Posts Tagged ‘Nathan Gulick’
No Sleep ‘Till Berlin: Toby Goodshank and the Waking Dream of Truth Jump Fall (EXCLUSIVE–VIDEO PREMIERE)
A Post-Post-Rock Exclusive! The video premiere of “The Journey Back Down Jump Truth Mountain,” directed by Nathan Gulick, from Toby Goodshank’s 2011 album Truth Jump Fall. This premiere and subsequent review of Truth Jump Fall is the first in an in-depth series of three articles about the life, music, and visual art of Goodshank–a “TG Triptych,” essentially.
After amassing a more-than-substantial solo discography of over 15 albums (not to mention numerous other collaborations), in October 2011 singer-songwriter/NYC anti-folk mainstay Toby Goodshank released what would be his last solo record stateside before his forthcoming move to Berlin. At eight songs, this collection entitled Truth Jump Fall combines the length of an EP with the thoughtfulness and serious intent of a full-length.
The genesis of the album is an intriguing one. After recurring nightmares related to the passing of his father a few years ago had subsided, Goodshank began to have a series of vivid dreams instead, from which Truth Jump Fall would emerge. Rather than dreaming narrative scenes, the artist envisioned melodies, lyrics, and instrumental passages. One gets the sense that Goodshank had no other choice but to sing these songs and document them for the world at large.
The video for Goodshank’s “The Journey Back Down Truth Jump Mountain”–directed by Nathan Gulick, with costume design by Liz Abbot–is a narrative snapshot of a young social outlier making her way down Hollywood Boulevard, an area Gulick refers to as “like a seedy shopping mall.” “Toby mentioned to me that a lot of the writing of the album came from dream imagery so I wanted it to be dream-like, nightmare-ish [sic] really,” explains Gulick. “The back story is of someone that maybe got a little bit of a break, overplayed it and alienated her friends, moved to LA and then blew it, and ended up lost on Hollywood Blvd.”
In casting the video’s protagonist, Gulick explains the choice of Pepper Bridge:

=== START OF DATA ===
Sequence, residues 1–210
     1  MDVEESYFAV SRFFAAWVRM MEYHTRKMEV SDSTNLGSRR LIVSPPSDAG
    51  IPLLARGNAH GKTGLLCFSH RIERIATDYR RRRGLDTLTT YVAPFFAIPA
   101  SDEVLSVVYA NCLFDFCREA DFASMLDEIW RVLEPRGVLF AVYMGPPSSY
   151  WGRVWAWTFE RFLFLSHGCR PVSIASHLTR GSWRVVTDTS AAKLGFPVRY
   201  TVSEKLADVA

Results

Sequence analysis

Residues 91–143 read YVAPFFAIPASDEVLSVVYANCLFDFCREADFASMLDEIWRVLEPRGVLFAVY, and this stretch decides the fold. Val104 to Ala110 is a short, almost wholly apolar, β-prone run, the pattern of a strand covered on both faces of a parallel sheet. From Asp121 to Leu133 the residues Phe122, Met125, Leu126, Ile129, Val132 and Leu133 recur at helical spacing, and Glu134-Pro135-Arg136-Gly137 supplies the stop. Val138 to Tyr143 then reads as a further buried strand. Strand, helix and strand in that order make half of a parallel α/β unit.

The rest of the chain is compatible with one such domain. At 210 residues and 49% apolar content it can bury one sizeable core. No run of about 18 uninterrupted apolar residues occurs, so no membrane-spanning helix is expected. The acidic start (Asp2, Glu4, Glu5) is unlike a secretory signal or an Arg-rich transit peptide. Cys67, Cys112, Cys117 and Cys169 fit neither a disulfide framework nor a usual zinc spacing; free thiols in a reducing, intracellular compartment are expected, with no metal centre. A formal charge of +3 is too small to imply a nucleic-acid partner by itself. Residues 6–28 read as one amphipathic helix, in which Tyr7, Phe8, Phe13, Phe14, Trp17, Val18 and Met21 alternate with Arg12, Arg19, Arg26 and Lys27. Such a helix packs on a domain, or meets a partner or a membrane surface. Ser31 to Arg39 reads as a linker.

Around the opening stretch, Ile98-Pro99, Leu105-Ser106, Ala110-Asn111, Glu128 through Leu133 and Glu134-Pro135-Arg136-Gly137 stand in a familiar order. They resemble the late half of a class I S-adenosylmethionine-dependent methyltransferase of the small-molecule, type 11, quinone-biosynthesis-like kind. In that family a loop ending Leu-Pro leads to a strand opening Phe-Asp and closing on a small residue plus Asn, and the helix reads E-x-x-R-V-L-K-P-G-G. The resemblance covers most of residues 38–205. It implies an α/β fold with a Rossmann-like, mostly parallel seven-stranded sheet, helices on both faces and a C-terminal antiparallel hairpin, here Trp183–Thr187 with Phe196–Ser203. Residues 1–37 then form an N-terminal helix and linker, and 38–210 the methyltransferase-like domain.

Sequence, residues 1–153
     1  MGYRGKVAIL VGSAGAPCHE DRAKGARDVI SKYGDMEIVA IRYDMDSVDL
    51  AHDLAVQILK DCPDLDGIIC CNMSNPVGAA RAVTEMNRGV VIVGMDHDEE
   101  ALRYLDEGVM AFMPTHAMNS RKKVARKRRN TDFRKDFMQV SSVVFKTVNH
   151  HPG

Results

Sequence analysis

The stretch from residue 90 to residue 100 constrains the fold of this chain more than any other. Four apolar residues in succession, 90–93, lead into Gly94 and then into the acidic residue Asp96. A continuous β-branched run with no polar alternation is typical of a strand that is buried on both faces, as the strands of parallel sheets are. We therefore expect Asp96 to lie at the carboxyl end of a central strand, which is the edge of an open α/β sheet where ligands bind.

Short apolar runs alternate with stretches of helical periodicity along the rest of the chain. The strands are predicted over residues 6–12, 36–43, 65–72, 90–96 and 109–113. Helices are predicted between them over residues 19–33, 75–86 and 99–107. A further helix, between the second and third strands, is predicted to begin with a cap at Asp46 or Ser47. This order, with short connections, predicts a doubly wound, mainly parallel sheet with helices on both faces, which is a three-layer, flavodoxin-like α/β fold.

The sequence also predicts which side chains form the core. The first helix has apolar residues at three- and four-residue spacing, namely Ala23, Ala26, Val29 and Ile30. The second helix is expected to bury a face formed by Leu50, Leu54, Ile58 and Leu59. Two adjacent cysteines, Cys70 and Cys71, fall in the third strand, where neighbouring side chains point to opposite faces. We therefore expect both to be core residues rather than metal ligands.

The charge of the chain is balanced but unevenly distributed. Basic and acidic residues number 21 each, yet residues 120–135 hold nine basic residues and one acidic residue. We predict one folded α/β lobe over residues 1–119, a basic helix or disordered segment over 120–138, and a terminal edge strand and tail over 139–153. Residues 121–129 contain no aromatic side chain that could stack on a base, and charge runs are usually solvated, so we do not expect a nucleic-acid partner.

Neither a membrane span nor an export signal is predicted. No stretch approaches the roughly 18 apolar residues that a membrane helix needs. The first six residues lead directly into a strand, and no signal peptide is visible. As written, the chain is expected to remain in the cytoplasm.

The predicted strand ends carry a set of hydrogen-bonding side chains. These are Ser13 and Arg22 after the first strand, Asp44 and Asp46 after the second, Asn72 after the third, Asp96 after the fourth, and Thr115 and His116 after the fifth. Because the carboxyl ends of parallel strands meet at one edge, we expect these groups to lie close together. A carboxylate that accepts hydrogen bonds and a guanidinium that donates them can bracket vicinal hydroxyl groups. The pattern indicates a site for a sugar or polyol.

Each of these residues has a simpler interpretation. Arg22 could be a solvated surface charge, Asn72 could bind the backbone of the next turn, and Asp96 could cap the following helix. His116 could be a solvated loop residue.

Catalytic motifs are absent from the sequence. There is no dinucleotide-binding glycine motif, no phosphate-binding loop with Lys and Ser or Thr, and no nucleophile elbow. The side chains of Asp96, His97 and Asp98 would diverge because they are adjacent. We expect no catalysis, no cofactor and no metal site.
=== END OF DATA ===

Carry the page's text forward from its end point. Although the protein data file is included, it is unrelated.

We had a small casting session and found a couple actresses that looked cool but not rough and vulnerable like Pep. They had to be able to rock the Elvis shades (which were for a long time a Goodshank staple) without looking too ‘rockstar’ – they had to be more like they were a pose or a shield.
Pepper Bridge’s character is estranged from the world in which she finds herself, yet is undeterred by her troubled presence in it. She comes across as an extension of the characters that steadfastly trudge through Goodshank’s songs–the real-life embodiment of the experiences and feelings expressed in the music.
Produced, arranged, engineered, and mixed by Jack Dishel—a former bandmate with Goodshank in The Moldy Peaches—the album Truth Jump Fall is a group of tightly coiled, highly personal songs that showcase a solo artist brimming with maturity. There is a sweet vulnerability throughout, tempered with an unwavering resolve lying just under the surface. As with all Goodshank songs, the songwriter’s voice is the nucleus around which the other musical parts move. An endearing nasal tone that hints at The Decemberists’ Colin Meloy intertwines seamlessly with the melodic phrasing and corporeal lyrical sensibility of Jeff Mangum (formerly of Neutral Milk Hotel). The resulting alchemy yields a deceptive musical concoction with a rather paradoxical taste: an ethereal, nonthreatening mouth-feel at first sip, it finishes with raw earthiness. It’s all very bittersweet, and it works. A perfect encapsulation of this signature quality of the Toby Goodshank persona can be found in the opening lines of the album closer “My Reflection”:
Horrible companion, you mean to do me harm/Disenfranchised concubine, catch a bullet scar/ Within you, jacked off to the desert sand/ We’re both failures clutching ruined plans
Goodshank’s world is populated with weathered yet beautiful souls—his among them—mangled in their circumstance; but the artist’s take always avoids judgement. He is reverentially honest in his insightful takes on the fragile human psyche and its simultaneously conflicting emotional states, a fact evidenced even in song titles such as “Baby I Feel Like Just Got Cut in Half.” As stated in the incisive “Prelude to Fire,” an album highlight, the prevailing philosophy of the album seems to be “When truth collides with revisionist attitudes, we will not place blame, we will seek a higher plane.”
Given the melancholic focus of the singer’s words, this higher plane is in part only achievable through the potency of Goodshank’s musical accompaniment, with its carefully crafted combination of propellant power-chord riffs, and folksy “comfort food” finger-picking—which possess a kind of mystical life-affirming power of their own. In this way, what otherwise could have been pessimistic songcraft dominated by its indebtedness to the lyrical legacies of post-punk and grunge instead evinces a sobering hope without detracting from unwavering emotional realities.
The vitality of Jack Dishel’s contribution to the record can’t be overstated: he provides the bulk of the additional instrumentation with understated atmospherics and economical, somehow intimate arrangements that closely hug the minimalist, lo-fi songwriting of aesthetic of Goodshank.
Truth Jump Fall can be found at Toby Goodshank’s Bandcamp site.